A GoFundMe has been set up for the family of the rescued a 14-year-old girl who was trapped for several hours inside her destroyed home after the mudslides and flooding that devastated Montecito earlier this week. The girl, later identified as Lauren Cantin, was covered from head to toe in mud when firefighters pulled her to safety. News and video of the rescue spread quickly. Her brother is still missing; her father’s name now appears on the county’s official list of victims.
Steve and Angela Nino, owners of Nino’s Grill in Templeton, plan to open a new restaurant on Pine Street in Paso Robles next month. General manager Melissa Mattson said On Bar will likely open its doors in mid-February — pending the approval of its liquor license — and will be located at 1144 Pine St., where the Villa Creek restaurant operated for nearly two decades.
Santa Barbara County Sheriff Bill Brown confirmed Friday afternoon that 18 people have been killed by the flooding and mudslides in Montecito. Search and rescue officials located 87-year-old Joseph Francis Bleckel dead inside his residence on Friday. Bleckel was previously listed on the official missing persons list, Brown said. There are currently five active missing persons cases, Brown said, though that number has continued to fluctuate throughout the week.
Muck Rack makes it simple to find people, tweets, or articles that mention any name, keyword, company, hashtag etc. We've compiled this guide to help you make the most of your search.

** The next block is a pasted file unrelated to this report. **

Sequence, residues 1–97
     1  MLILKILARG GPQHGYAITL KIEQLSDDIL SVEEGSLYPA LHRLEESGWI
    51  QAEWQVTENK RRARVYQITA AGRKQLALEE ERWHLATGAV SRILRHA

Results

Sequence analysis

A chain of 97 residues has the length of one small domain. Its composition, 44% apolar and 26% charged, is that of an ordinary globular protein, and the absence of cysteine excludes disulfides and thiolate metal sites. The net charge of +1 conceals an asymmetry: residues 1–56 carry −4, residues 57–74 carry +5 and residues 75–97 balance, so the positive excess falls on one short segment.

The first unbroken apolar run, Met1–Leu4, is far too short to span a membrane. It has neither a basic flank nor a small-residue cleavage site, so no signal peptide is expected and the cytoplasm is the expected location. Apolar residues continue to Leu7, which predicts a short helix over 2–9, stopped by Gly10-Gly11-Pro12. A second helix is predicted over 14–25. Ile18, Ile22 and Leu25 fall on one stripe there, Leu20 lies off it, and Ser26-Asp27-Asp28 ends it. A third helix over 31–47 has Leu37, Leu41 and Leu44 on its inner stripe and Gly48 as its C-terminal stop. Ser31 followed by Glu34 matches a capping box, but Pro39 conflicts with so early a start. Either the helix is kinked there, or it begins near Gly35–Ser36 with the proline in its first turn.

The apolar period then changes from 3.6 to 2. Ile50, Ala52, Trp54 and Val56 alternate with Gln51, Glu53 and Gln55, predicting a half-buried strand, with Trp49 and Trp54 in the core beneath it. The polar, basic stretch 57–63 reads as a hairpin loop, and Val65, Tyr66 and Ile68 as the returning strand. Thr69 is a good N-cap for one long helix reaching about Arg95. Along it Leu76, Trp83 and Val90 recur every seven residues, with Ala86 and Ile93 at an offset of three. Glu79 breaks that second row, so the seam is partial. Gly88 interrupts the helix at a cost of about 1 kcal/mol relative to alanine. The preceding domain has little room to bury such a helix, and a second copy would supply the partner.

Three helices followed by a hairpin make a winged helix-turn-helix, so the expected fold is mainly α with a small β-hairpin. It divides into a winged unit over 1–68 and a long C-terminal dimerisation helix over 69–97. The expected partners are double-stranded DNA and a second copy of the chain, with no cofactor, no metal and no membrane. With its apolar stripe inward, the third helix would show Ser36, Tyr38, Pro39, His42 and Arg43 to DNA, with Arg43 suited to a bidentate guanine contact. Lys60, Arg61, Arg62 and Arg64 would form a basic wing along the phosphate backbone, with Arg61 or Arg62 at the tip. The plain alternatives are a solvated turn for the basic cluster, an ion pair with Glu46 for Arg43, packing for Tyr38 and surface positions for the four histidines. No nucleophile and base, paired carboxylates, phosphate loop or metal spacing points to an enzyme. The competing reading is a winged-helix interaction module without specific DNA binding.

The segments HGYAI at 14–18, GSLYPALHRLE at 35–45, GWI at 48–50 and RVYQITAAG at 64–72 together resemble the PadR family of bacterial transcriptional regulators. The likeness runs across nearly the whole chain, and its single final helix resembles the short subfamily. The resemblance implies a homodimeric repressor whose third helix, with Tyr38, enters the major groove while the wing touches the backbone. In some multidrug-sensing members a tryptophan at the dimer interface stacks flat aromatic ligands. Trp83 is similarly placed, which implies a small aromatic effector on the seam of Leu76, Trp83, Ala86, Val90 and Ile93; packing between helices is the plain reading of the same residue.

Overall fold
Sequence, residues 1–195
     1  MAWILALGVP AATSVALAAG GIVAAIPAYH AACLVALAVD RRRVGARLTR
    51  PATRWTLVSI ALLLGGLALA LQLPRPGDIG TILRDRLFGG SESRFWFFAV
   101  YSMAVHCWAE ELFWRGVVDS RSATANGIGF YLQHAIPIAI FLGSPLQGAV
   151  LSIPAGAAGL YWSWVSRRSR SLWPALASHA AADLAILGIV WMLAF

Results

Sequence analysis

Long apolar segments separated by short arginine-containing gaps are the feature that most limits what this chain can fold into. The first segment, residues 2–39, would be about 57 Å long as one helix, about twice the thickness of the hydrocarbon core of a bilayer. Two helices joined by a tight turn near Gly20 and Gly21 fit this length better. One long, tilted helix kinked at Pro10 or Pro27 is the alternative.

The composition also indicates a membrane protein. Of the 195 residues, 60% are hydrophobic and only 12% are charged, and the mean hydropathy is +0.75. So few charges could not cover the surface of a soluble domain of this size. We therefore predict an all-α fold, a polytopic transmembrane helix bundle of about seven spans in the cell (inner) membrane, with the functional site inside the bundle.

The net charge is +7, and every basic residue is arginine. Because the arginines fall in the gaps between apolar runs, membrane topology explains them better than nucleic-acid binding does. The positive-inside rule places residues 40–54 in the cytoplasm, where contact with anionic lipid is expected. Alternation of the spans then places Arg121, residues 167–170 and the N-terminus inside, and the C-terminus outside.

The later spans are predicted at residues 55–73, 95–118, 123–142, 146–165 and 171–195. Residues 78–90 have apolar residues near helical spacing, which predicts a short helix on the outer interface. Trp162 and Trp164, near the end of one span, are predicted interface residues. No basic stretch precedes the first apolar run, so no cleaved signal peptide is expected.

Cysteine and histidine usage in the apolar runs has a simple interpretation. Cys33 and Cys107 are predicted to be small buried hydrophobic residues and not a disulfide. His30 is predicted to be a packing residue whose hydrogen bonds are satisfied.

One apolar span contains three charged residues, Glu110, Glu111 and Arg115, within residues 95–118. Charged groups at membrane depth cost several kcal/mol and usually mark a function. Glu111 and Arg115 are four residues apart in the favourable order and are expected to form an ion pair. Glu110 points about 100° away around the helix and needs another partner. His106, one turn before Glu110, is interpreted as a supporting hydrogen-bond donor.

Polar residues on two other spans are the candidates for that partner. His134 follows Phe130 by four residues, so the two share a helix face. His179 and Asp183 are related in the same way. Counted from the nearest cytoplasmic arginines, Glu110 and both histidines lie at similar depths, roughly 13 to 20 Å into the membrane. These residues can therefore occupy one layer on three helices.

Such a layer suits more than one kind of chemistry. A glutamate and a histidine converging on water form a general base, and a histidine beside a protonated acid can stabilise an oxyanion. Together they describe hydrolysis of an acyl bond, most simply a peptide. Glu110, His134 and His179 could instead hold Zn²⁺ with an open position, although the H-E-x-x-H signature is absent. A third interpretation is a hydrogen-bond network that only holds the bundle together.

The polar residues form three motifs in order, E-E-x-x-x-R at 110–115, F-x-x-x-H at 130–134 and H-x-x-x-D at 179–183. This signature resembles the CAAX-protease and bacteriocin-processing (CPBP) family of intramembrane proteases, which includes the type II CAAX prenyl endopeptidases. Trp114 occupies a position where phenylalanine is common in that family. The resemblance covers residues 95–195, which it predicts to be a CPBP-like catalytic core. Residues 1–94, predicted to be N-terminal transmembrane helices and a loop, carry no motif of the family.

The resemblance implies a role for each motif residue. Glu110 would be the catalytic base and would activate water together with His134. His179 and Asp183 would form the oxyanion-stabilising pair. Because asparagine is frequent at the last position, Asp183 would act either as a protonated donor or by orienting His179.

Selecting a term
Start searching tweets, articles from media outlets, articles mentioned in tweets, journalists'
names, titles and bios with some suggested searches:
Companies or Topics (e.g. iPhone, Microsoft)
Phrases (e.g. "cloud computing") — use quotes to keep the terms together
Twitter handles (e.g. @username) — returns those who have mentioned or replied to
Names (e.g. "David Pogue")
Hashtags (e.g. #sxsw, #london2012)
Bio details (e.g. vegan, Olympics, father)
Muck Rack's Advanced Search allows for many boolean operators.
Find results that mention multiple specified terms, use AND or
+. For example, ensure each result contains both Elon Musk and Mark Zuckerberg by
searching Musk AND Zuckerberg or Musk + Zuckerberg.
Use the operators OR or , to broaden your search when you'd like either of
multiple terms to appear in results. (This is the default behavior of our search when no operators
are used). For example, results will contain either cake or cookie by searching cake OR cookie or cake,cookie
Use NOT or - to subtract results from your search. For
example, searching Disney will yield results about the Walt Disney Company as well as Walt Disney
World Resort. To exclude mentions of Disney World, search for Disney -World or Disney
When using one of these operators with a phrase, enclose it in quotation marks. For example, you can
find results about smartphones excluding Apple's iPhone 4S by searching smartphone -"iPhone
Exact case matching or punctuation
If you're searching for a brand name or keyword that relies on specific punctuation marks or capitalization, you can
find results that match your exact query by adding matchcase: before the keyword you're searching for, like matchcase:E*TRADE .
Use parentheses to separate multiple
boolean phrases. For example, to find journalists talking about having fun in Disney World or
Disneyland, search for ("disney world" OR disneyland) AND fun.
An asterisk can be used to search for any variation of a root word truncated by the asterisk. For example, searching for admin* will return results for administrator, administration, administer, administered, etc.
A near operator is an AND operator where you can control the distance between the words. You can vary the distance the near operation uses by adding a forward slash and number (between 0-99) such as strawberries NEAR/10 "whipped cream", which means the strawberries must exist within 10 words of "whipped cream".